Picking up the threads of his acclaimed 1973 autobiography, Return to Earth, Aldrin presents as no-holds-barred account of how his celebrity, career and human weaknesses nearly destroyed his life. On July 19, 1968, millions witnessed Neil Armstrong and Aldrin become the first two people on the moon; an instant American hero, Aldrin was ""greeted with ticker-tape parades"" and spent the next two years, along with his fellow astronauts, as public relations assets for NASA and the Nixon administration. With a PhD from MIT, Aldrin had not only spent eight years training for the mission, but also helped developed technology needed for the mission; upon returning home from his world tour as an ""unofficial space ambassador,"" however, he found the doors at NASA ""pretty much closed""; the moon-landing program had given way to the shuttle project. That homecoming would catapult Aldrin into a decades-long struggle with alcoholism and clinical depression (both his grandfather and mother committed suicide) that broke up two marriages before psychiatric treatment and rehab put him on the road to recovery. This inspiring story exhibits Aldrin as a different, perfectly human kind of hero, giving readers a sympathetic look at a man eclipsed by his own legend.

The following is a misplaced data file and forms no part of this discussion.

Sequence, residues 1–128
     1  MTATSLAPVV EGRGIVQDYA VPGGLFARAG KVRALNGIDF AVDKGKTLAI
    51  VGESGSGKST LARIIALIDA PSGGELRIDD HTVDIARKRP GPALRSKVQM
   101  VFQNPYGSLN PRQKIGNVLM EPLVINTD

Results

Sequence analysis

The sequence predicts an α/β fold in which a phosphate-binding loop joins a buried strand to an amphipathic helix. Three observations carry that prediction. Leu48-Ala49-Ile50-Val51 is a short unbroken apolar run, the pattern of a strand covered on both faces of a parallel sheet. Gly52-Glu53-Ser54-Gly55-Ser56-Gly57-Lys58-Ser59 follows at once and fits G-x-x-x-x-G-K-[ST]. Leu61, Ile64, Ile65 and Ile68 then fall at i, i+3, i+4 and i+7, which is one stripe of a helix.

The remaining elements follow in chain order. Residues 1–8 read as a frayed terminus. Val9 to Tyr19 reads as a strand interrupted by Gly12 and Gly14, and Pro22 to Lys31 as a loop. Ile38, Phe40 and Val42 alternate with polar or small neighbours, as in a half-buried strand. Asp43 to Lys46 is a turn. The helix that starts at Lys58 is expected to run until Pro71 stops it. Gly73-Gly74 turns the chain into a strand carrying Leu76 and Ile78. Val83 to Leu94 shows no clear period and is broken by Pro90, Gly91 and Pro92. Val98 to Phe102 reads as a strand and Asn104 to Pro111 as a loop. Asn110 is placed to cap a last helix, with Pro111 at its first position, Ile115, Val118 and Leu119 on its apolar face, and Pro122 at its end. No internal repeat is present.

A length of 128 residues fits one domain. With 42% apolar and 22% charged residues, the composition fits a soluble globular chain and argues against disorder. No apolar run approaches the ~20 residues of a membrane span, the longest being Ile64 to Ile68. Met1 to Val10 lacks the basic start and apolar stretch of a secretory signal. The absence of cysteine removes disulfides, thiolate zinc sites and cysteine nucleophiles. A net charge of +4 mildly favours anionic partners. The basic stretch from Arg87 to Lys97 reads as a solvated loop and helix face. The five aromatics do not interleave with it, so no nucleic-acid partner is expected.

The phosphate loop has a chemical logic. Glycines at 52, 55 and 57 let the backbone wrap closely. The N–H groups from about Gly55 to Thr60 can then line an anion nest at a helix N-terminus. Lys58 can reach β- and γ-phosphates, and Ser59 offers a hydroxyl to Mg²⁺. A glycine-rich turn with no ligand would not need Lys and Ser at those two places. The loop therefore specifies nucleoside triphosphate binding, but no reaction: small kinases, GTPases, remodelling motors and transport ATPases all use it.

Reviewed on: 06/22/2009 Release date: 06/01/2009 Genre: Nonfiction